The NHTSA asked people what they think about the possible changes which it plans to make to its ratings program.
Until now, automakers that wanted to reach a high score on the government’s five-star safety program had to work on safety measures that would protect passengers during a crash. Now they might also find solutions to keep their customers out of accidents, not only protect them during a crash. The ones to benefit from this change would be supplier selling the equipment necessary for protecting vehicle passengers, such as video cameras and radars.
Some automakers have already begun to add crash-avoidance features to attract safety-minded consumers. Although many vehicles are fitted with lane-keeping assist and automatic emergency braking, there is no federal rating system to show which cars would be the best at keeping drivers out of accidents.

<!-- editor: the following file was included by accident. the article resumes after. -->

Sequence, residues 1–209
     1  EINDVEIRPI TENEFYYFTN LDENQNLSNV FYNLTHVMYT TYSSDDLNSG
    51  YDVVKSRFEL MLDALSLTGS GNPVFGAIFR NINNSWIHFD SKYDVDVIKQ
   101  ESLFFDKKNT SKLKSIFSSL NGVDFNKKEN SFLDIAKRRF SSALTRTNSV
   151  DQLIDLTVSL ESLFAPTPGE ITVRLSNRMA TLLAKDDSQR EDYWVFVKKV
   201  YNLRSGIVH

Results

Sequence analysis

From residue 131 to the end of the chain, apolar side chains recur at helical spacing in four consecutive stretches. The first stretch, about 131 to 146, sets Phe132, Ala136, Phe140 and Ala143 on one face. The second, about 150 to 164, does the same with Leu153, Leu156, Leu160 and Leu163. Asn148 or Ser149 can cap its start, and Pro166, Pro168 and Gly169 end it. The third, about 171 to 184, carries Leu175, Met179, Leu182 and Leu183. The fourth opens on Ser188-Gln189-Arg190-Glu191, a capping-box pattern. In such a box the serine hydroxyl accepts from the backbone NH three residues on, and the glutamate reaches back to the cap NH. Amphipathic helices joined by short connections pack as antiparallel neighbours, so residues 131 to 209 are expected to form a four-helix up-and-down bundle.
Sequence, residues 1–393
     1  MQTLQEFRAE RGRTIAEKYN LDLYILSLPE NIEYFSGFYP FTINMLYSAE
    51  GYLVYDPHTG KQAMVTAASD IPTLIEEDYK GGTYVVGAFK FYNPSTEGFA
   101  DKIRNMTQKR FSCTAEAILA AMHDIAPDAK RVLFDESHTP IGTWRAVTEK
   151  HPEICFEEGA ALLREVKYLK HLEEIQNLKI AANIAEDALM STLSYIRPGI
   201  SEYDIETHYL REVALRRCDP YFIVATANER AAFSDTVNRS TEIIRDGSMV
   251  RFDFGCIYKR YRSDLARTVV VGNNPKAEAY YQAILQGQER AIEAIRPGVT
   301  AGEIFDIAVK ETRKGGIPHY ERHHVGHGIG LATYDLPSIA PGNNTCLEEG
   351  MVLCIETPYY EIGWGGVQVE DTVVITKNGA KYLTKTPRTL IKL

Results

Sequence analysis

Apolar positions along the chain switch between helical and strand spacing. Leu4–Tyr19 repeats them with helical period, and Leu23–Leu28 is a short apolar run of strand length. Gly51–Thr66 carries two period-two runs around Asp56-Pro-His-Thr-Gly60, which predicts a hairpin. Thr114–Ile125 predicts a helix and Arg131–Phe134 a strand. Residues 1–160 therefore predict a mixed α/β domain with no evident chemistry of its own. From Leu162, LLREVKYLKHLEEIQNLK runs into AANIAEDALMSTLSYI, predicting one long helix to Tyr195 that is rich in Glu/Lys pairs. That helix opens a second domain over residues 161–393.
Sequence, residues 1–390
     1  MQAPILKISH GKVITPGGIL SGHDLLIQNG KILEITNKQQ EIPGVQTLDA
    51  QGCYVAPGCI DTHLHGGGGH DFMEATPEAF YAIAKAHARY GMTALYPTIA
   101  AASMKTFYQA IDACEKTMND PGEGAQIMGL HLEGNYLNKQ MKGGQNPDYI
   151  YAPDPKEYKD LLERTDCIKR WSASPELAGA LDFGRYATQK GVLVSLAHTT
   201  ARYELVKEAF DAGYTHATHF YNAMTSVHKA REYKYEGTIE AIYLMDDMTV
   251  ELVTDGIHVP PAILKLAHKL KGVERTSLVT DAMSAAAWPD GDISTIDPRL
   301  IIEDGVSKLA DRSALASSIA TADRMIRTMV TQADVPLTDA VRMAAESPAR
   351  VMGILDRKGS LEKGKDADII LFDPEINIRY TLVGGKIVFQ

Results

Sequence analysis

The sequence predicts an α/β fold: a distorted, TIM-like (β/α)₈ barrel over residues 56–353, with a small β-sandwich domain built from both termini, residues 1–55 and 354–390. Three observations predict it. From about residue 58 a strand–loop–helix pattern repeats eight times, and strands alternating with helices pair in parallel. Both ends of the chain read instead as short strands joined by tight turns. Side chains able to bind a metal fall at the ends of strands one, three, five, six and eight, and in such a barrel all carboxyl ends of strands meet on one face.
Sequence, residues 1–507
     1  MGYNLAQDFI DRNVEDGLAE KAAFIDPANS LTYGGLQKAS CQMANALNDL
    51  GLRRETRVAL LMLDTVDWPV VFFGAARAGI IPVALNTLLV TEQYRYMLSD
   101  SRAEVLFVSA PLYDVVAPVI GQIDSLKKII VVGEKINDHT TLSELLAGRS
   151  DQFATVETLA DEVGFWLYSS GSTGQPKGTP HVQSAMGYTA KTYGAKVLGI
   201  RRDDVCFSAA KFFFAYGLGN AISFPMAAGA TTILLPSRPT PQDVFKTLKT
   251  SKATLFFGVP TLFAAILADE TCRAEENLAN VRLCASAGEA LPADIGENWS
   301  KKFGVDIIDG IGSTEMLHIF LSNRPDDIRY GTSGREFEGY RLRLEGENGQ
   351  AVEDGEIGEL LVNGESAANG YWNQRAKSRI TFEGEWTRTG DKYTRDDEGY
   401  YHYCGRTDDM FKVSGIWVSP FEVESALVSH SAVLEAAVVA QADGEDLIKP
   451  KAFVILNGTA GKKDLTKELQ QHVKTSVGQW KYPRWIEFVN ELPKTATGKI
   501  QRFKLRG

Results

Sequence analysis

Several years ago the Insurance Institute for Highway Safety requested automakers to fit their vehicles with electronic stability control in order to qualify for its Top Safety Pick honors. The group plans to begin testing automatic braking systems and forward-collision warning.
“The technology that you need to predict a possible crash and take some steps against it is becoming more readily available,” said David Zuby, chief research officer at IIHS, which gets funding from car insurance companies.